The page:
If you also frequent that other blog about linguistics, then you are probably familiar with their annual number crunching of the linguistics job market. Computational linguistics usually does extremely well in those, with the number of job searches vastly outstripping the number of freshly minted PhDs. But my beef isn't so much with the number of available jobs, it's with the kind of jobs advertised. Not at all with the industry jobs, those are straight-forward NLP searches and the skills they require are exactly those you will acquire in an MA/MS or PhD program in computational linguistics that's geared towards NLP (startups tend to list more requirements than big companies like Google and Nuance, but anecdotal evidence tells me that they are also more willing to settle for less). But not every computational linguist wants to do NLP, so he or she will look at the computational linguistics searches run by linguistics departments. And that's where the dramedy starts.
Why Linguists Love NumbersHaving seen many, many job announcements over the course of the last five years, I have come to the conclusion --- and you have to read the rest of this sentence in deadpan monotone, there is no outrage on my part here --- that linguistics departments have no interest in computational linguistics, what they want is linguistics with numbers.
Given a choice between somebody who studies OT from the perspective of formal language theory and somebody who couples Stochastic OT with some MaxEnt algorithm to model gradiance effects, they'll pick the latter. Given a choice between somebody who works with Minimalist grammars or Tree Adjoining Grammars and somebody who does corpora-based sociolinguistics, they'll pick the latter. Given a choice between somebody who studies the learnability of formal language classes and somebody who presents a Bayesian learner for word segmentation, they'll pick the latter. (Just to be clear, all these examples are made up.) Of course there are exceptions --- I got a job, after all --- but they are rare. And a job search for a computational linguist that explicitly favors the formal type over all others is unheard of.
Even if one considers quantitative research the greatest thing since sliced bread, this is an unfortunate state of affairs. In my case, it makes it way more difficult to convince your students that they have a good chance of landing a job if they join the glorious enterprise of computational linguistics. More importantly, though, it means that linguistics departments, and by extension the field as a whole, are missing out on tons of interesting work. This is the part where the rules of blogosphere click-baiting dictate that I turn the rant-ometer to 11 and diss the narrow-mindedness of linguists and their aversion to rigorous work. But I prefer to only do things that I do well, and my rants tend to be less like precision surgery and more like beating a paraplegic to death with their own severed leg. Not a beautiful sight to behold, so let's instead try to be rational here and answer the question why linguists do not care about theoretical computational linguistics.
The reason is very simple: it's about as approachable as a porcupine in heat. That's due to at least three factors that mutually reinforce each other to create an environment where the average linguist cannot be expected to have even the hint of a shadow of a clue what computational linguistics is all about.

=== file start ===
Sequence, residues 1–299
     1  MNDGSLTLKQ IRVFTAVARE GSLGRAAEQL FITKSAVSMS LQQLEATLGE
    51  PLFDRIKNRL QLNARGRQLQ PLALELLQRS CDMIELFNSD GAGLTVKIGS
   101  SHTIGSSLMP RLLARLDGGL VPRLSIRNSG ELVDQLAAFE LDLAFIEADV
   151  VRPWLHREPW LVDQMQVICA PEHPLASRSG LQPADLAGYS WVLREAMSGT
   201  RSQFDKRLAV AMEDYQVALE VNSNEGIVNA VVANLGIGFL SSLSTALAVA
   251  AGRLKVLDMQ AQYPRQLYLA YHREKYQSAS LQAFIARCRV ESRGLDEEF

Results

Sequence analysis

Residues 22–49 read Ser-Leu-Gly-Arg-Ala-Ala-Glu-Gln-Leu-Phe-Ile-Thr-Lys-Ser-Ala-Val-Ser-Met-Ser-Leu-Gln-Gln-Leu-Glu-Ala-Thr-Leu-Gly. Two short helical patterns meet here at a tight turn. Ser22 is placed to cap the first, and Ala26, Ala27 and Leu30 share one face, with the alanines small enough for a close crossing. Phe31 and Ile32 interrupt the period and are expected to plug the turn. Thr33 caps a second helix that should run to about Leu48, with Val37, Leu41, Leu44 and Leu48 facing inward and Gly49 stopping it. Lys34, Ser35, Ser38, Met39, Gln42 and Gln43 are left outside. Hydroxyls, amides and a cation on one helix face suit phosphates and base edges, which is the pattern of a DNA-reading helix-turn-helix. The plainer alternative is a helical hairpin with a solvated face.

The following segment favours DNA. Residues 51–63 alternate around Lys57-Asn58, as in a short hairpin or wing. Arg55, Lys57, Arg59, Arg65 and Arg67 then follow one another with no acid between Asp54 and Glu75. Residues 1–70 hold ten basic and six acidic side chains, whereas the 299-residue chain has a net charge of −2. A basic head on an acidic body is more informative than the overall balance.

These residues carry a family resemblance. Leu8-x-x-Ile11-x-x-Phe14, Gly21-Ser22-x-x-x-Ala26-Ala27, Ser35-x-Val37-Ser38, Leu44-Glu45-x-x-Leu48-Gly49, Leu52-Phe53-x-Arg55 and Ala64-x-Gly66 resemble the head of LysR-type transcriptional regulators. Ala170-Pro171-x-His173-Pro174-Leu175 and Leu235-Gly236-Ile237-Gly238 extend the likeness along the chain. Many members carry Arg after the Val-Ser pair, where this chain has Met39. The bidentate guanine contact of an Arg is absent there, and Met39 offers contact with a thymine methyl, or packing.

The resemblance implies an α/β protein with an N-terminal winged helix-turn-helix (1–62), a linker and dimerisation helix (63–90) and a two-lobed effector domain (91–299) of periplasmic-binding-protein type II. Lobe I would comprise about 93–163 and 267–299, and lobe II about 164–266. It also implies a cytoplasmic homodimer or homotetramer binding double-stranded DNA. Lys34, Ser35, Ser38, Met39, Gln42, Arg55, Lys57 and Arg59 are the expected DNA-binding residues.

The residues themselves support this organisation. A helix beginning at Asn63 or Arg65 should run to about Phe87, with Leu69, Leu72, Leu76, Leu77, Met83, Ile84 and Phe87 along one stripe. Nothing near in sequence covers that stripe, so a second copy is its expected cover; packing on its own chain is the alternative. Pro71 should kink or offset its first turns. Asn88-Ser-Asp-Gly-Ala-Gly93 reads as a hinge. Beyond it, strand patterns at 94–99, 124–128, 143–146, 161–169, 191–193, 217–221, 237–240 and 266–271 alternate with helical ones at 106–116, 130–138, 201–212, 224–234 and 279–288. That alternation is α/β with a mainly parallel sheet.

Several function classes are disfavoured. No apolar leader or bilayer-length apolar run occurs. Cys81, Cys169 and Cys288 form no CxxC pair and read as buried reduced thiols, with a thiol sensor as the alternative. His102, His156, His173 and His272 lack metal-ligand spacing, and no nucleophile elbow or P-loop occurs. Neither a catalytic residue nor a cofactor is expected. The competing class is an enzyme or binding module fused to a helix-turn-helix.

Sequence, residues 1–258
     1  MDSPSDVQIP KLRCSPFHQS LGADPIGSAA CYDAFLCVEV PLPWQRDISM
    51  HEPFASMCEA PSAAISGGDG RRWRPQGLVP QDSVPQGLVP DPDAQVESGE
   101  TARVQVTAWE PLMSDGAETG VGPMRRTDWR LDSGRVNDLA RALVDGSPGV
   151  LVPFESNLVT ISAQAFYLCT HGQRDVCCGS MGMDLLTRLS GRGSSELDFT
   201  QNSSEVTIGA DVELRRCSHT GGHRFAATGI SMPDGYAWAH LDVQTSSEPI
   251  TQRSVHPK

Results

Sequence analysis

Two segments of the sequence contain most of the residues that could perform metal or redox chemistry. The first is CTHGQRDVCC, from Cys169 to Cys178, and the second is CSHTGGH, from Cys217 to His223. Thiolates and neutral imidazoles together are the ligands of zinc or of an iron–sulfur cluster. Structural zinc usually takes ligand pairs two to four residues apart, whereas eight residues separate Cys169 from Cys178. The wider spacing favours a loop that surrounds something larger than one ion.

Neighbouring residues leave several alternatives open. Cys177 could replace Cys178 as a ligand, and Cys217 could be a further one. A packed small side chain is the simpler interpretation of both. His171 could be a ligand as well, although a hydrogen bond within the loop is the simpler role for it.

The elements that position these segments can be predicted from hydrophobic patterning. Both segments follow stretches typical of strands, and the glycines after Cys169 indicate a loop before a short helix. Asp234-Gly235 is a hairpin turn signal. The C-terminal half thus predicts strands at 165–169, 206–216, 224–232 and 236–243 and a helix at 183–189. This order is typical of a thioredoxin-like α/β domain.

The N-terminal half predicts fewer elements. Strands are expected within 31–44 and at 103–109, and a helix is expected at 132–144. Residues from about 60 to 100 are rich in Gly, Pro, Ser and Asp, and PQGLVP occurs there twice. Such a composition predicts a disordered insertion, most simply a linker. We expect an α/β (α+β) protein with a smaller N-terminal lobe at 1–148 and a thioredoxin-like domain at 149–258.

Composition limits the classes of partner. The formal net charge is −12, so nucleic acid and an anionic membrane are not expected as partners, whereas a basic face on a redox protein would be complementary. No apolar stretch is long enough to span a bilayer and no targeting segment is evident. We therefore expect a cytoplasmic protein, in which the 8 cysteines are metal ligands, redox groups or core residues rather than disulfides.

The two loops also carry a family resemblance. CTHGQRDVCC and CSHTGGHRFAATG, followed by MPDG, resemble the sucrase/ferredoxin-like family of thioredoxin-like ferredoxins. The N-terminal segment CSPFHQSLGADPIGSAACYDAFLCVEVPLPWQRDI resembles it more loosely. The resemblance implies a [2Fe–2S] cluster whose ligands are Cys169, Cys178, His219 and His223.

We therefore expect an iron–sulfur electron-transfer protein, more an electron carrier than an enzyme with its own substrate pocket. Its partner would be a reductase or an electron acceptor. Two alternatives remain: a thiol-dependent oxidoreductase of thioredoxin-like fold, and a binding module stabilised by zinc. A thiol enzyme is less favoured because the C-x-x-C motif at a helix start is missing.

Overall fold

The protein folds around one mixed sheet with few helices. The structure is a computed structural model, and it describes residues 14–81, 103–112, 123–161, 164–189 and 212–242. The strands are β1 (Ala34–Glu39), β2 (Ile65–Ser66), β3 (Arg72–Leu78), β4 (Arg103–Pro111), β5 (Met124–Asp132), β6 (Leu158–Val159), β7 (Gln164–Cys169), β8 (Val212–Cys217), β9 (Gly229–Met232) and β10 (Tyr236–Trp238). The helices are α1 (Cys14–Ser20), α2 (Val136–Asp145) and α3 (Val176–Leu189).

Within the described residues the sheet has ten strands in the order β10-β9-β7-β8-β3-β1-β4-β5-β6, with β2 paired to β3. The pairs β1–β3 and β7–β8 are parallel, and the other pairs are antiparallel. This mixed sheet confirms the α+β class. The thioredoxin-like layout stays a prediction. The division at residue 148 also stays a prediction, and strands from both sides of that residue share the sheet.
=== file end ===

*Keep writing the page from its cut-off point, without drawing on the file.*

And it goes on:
Reason 1: Abstractness/Few Empirical ResultsThe theoretical work in computational linguistics is mostly "big picture linguistics". The major issues are the generative capacity of language and linguistic formalisms, the memory structures they require, their worst-case parsing performance, and so on. This is appealing because it carves out broad properties of language that are mostly devoid of theory-specific assumptions and pin-points in what respects formalisms differ from each other if one abstracts away from substantive universals. Eventually this does result in empirical claims, such as what kind of string patterns should not occur in natural language or in which contexts Principle B is expected to break down. But the formal pipeline leading to the empirical applications is long, and it is often hard to see how the mathematical theorems inform the empirical claims. At the same time, many computational linguists are not linguists by training and hence are resilient to moving out of their formal comfort zone. On the Bayesian and probabilistic side, however, we find tons of linguists who want to explain a specific empirical phenomenon and simply use these tools because they get the job done (or at least it looks like they do). When asked why their work matters, they can give a 5 second summary and point to a neverending list of publications for further background. A theoretical computational linguists needs at least 5 minutes, and they can't give you any papers because they are all too hard.
Reason 2: Difficulty/Lack of Prior Knowledge/Lack of Good IntrosThere is no denying that computational linguistics isn't exactly noob-friendly. Before you can even get started you need to be able to read mathematical notation and understand general proof strategies, and that's just the baseline for learning the foundational math and CS stuff you have to know before you can get started on computational linguistics proper. Only once all of that is in place can you really start to think about the implications for linguistics. To add insult to injury, none of the math is anything like what you know from high school or the calculus courses you took as an undergrad: formal language theory, complexity theory, abstract algebra, mathematical logic, finite model theory, type theory, learnability, just what the heck is all this stuff? Do you really want to wrestle with all this arcane lore for at least two years in the vague hope that eventually it might tell you something really profound about language, or would you rather hop on the Bayesian gravy train where your first baby steps only require addition and multiplication?